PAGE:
I’ve been an attorney nearly a quarter-century. I’ve read a h— of a lot of cases in those years, believe me. And, in all that reading I discovered that summary judgments are routinely set aside on appeal! That’s right. The majority of summary judgment orders are reversed on appeal.

Don’t believe me?

Go to any online legal research cite and enter the following search terms: precludes w/4 summary (i.e., search the case law in your appellate jurisdiction for the word “precludes” appearing within 4 words of “summary”).

Hit “Enter” and sit back and watch the cases fly onto your screen one-after-another. I just pulled up 151 of them here in Florida’s state appellate decisions.

Read a few dozen and you’ll see what I mean.

Don’t be trapped by summary judgment motions!

The key to winning (whether you’re the one defending or the one filing the motion) is the rule itself and preparation for appeal that’s made simple enough for an 8th grader to understand using my affordable Jurisdictionary step-by-step self-help course.

Read the rule … state or federal.

Also read the cases that explain the rule and how it is applied by the appellate courts to determine if summary judgment is proper or not.

The motion is evaluated on the following grounds: “the pleadings, depositions, answers to interrogatories, and admissions on file,together with affidavits, if any”.

So many of you don’t yet understand the power of your five (5) discovery tools and the importance of firing them off at the first opportunity in your case. By requests for admissions, requests for production, interrogatories, and a deposition or two along with a few subpoenas you can make it clear there are “genuine issues of material fact” in the record … precluding summary judgment.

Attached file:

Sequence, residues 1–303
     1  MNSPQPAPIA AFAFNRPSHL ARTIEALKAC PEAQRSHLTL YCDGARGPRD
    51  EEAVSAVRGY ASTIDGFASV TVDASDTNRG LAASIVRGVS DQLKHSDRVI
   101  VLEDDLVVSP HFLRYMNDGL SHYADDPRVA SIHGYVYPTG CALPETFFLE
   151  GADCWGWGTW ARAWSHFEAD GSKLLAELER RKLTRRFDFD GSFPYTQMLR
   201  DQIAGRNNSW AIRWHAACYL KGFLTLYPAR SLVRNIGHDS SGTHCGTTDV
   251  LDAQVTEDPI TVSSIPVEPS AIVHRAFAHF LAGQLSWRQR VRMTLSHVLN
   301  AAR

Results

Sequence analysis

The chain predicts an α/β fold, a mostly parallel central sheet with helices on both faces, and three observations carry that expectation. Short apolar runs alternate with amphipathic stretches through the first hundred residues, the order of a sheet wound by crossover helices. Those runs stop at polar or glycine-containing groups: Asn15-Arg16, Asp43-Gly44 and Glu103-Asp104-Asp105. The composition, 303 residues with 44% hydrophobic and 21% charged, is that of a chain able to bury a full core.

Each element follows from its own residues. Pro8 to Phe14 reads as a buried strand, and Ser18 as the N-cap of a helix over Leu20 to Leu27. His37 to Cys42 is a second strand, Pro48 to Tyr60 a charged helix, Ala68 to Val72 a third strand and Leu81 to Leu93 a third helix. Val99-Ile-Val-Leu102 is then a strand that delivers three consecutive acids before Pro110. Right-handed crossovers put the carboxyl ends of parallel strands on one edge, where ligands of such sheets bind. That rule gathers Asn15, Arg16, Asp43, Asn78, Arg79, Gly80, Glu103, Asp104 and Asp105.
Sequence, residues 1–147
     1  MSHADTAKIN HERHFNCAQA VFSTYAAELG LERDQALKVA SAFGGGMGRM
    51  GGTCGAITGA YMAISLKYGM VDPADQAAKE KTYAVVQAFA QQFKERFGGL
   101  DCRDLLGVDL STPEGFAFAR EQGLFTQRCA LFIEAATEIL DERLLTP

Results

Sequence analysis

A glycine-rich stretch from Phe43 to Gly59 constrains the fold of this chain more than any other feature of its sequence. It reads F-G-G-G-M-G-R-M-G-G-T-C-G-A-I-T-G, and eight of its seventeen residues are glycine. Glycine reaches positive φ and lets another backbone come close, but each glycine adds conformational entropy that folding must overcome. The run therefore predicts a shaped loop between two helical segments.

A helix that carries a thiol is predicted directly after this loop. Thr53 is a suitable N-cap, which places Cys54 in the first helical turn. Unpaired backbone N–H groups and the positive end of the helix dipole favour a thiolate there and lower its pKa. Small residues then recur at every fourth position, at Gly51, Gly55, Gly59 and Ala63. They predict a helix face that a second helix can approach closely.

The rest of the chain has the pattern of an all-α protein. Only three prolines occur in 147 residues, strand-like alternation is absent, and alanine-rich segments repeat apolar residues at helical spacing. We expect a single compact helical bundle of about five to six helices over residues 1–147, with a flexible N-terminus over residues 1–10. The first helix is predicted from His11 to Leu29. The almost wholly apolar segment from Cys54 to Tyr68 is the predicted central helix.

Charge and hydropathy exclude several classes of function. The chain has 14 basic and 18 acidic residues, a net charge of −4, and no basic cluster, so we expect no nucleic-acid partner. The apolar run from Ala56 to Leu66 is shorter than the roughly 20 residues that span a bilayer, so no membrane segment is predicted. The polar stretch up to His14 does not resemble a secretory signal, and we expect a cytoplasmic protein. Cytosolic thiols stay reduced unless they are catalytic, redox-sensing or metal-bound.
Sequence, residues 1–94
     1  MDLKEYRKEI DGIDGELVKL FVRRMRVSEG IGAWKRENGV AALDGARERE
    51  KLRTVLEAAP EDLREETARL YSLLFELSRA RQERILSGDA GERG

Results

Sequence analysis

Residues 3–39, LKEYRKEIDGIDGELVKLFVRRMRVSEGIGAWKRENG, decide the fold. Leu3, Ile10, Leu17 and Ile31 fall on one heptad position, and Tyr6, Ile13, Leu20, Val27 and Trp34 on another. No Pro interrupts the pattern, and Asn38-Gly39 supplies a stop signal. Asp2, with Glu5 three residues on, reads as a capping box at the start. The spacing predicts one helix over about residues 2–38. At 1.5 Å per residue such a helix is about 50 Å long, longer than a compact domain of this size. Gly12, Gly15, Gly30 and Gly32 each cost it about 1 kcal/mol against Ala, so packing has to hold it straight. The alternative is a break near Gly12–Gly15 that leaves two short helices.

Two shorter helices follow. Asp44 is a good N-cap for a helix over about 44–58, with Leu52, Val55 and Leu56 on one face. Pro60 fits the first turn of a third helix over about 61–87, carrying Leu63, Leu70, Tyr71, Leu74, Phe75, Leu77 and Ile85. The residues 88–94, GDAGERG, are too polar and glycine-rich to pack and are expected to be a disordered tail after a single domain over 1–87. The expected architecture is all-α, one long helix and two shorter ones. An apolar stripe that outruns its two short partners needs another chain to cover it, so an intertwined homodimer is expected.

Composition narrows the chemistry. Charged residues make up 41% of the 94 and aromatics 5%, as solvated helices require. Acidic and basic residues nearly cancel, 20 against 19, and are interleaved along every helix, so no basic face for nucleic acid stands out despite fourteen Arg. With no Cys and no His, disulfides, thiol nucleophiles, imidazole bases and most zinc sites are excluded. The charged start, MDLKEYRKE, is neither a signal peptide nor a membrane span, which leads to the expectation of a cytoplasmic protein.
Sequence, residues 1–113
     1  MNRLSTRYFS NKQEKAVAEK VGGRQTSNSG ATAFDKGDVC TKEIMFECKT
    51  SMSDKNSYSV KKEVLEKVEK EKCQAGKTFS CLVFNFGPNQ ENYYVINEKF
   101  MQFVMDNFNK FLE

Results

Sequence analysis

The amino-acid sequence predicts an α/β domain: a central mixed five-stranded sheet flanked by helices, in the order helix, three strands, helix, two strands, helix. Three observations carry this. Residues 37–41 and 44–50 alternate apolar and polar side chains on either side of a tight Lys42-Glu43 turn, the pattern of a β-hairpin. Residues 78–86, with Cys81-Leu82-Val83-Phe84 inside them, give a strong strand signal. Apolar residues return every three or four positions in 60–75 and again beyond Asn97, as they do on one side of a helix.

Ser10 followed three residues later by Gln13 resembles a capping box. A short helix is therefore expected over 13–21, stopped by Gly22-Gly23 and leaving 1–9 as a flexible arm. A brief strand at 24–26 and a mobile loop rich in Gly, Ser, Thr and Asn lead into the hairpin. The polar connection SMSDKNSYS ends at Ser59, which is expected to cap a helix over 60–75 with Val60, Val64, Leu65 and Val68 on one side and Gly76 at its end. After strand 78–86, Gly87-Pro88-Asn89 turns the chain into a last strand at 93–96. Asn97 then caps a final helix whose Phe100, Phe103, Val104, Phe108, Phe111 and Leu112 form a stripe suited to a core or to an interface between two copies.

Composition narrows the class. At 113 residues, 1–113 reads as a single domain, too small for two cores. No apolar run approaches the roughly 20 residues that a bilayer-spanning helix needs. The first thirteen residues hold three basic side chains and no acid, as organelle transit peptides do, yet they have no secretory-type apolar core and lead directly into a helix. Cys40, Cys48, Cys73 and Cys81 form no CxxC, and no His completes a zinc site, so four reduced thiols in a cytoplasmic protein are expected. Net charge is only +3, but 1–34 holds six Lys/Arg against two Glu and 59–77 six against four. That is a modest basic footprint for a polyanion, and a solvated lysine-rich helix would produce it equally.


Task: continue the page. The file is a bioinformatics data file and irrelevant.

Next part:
The other fortress against summary judgment is built by drafting powerful pleadings (whether you’re the plaintiff or defendant). The pleadings (complaint and answer with affirmative defenses) are the first defense against losing on a summary judgment motion, because your pleadings raise the issues that you’re competing for. If you file weak pleadings (plaintiff or defendant) you offer your opponent an opportunity to charge ahead with summary judgment.

Weak pleadings followed by delayed discovery opens the door for your opponent to argue, “There are no genuine issues of material fact in the record,” and that’s all he needs to win.

My Jurisdictionary course shows you how to draft powerful pleadings in easy steps with explanations and examples of the forms most commonly used.

The courts are jammed with litigation. In most states, it can take months just to schedule a simple hearing. Most judges welcome opportunities to grant summary judgment, because it clears the case off the docket!

Beware! The judge wants to enter summary judgment. Not because you are pro se. Not because he hates you. Not because he plays golf with the lawyer on the other side. But, because he wants to clear his clogged calendar of pending cases that are backing up because of the glut of litigation that is delaying justice for good people!

You must prepare with lawsuit know-how or lose!

Solid pleadings create an impenetrable barrier to entry of summary judgment orders. They plainly state the genuine issues of material fact. If they are “verified” (as I teach in my affordable 24-hour, step-by-step Jurisdictionary self-help course they should always be) then you have built a protective wall around your case. The genuine issues of material fact are in your pleadings! Your pleadings cannot be changed by your opponent. You state your “genuine issues of material fact” in your complaint or answer and affirmative defenses, and protect yourself from summary judgment motions filed by the other side!